As the 110th Congress came to a close in December 2010, the U.S. Senate narrowly failed to pass the DREAM Act on the very same day that it successfully repealed the U.S. military’s discriminatory policy—Don’t Ask, Don’t Tell—that prohibited gay, lesbian, and bisexual people from serving openly in the armed forces. The failure of the DREAM Act, which would have created a pathway to citizenship for undocumented youth, coupled with the Don’t Ask, Don’t Tell repeal, fostered a pervasive narrative that Congress is unable to pass more than one piece of civil rights legislation per session.
Three years later, it is now the U.S. House of Representatives that may ration much-needed human rights advancements. The U.S. Senate has passed two critical pieces of legislation by overwhelming bipartisan margins since June 2013: the Employment Non-Discrimination Act, or ENDA, which would ban discrimination against workers based on sexual orientation and gender identity, and the Border Security, Economic Opportunity, and Immigration Modernization Act, more commonly referred to as immigration reform. But this progress has stalled in the House where neither ENDA nor any immigration bills have come to the floor for a vote. Republicans have proposed a number of piecemeal immigration bills in the House, and Democrats introduced H.R. 15—the House version of the Senate’s immigration reform bill with additional border security provisions that unanimously passed the House Judiciary Committee. The bills introduced by House Republicans thus far do not include a path to legal status, though the Congressional Republicans release of the Republicans’ Principles on Immigration are a step in the right direction.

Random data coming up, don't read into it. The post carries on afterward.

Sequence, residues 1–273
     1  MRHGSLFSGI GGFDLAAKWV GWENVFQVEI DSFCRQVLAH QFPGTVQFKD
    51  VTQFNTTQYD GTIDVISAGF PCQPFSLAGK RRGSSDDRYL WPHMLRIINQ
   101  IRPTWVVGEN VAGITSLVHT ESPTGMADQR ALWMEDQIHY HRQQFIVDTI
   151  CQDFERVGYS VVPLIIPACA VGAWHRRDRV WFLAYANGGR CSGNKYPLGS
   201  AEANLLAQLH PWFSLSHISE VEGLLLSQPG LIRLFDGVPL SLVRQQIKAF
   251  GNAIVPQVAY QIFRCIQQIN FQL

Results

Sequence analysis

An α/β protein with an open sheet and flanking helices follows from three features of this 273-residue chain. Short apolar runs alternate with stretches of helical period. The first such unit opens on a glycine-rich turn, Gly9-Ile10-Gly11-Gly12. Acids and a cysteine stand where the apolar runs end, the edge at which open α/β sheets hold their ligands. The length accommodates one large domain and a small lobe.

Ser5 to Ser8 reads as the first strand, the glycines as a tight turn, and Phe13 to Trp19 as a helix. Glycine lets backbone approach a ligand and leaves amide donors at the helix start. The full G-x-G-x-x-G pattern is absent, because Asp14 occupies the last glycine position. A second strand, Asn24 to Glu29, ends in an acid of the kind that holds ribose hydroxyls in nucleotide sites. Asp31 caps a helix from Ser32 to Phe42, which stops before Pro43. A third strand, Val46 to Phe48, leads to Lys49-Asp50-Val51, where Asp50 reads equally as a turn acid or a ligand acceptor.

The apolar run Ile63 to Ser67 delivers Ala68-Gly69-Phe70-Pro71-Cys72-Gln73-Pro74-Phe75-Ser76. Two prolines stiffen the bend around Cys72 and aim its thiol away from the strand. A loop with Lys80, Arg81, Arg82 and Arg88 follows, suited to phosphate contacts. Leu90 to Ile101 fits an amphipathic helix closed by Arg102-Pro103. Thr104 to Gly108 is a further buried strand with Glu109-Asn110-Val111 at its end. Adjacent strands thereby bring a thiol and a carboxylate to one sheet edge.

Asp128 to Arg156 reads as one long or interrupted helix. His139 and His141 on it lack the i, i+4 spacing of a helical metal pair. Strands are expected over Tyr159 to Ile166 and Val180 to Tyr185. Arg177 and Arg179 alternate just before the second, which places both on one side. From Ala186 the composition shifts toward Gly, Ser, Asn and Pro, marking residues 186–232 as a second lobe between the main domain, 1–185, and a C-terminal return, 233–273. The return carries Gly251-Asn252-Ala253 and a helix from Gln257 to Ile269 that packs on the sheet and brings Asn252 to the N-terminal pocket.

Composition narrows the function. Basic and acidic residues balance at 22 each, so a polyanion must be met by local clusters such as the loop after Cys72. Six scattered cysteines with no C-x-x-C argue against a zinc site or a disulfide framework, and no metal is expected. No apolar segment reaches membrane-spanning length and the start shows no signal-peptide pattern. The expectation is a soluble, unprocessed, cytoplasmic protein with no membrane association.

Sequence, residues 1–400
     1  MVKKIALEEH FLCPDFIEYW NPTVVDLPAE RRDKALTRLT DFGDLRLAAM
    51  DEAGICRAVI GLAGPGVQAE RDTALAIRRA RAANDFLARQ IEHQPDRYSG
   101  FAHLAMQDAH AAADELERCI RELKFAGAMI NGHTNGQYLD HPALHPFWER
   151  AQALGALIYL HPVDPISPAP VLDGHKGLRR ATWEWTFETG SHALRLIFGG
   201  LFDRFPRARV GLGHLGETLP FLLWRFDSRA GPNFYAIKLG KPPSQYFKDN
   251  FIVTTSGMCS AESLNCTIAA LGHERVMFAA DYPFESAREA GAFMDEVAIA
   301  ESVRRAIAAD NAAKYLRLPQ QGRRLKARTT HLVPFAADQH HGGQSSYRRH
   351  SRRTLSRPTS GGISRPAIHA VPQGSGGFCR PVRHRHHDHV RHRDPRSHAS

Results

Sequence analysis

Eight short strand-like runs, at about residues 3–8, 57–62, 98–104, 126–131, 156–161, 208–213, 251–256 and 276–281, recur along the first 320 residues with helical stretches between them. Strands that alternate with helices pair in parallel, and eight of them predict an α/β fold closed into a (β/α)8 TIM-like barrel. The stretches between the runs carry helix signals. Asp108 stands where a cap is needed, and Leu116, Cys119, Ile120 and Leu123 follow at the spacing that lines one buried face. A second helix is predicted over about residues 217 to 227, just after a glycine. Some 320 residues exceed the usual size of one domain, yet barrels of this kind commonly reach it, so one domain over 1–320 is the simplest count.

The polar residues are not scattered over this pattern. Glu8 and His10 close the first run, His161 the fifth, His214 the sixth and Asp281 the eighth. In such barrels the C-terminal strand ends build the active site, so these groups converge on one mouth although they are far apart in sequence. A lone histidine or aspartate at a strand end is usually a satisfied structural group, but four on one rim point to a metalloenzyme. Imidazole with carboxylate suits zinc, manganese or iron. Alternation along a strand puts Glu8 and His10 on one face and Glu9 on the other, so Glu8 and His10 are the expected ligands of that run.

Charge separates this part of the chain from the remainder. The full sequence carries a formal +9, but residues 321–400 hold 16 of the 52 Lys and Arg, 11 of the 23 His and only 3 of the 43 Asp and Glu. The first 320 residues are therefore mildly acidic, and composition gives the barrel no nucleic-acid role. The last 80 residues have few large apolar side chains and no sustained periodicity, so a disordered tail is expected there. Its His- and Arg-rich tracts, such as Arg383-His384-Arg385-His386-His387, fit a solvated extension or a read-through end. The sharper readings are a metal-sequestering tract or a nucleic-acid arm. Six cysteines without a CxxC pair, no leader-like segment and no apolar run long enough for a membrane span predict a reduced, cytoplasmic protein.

For more on this topic, please see: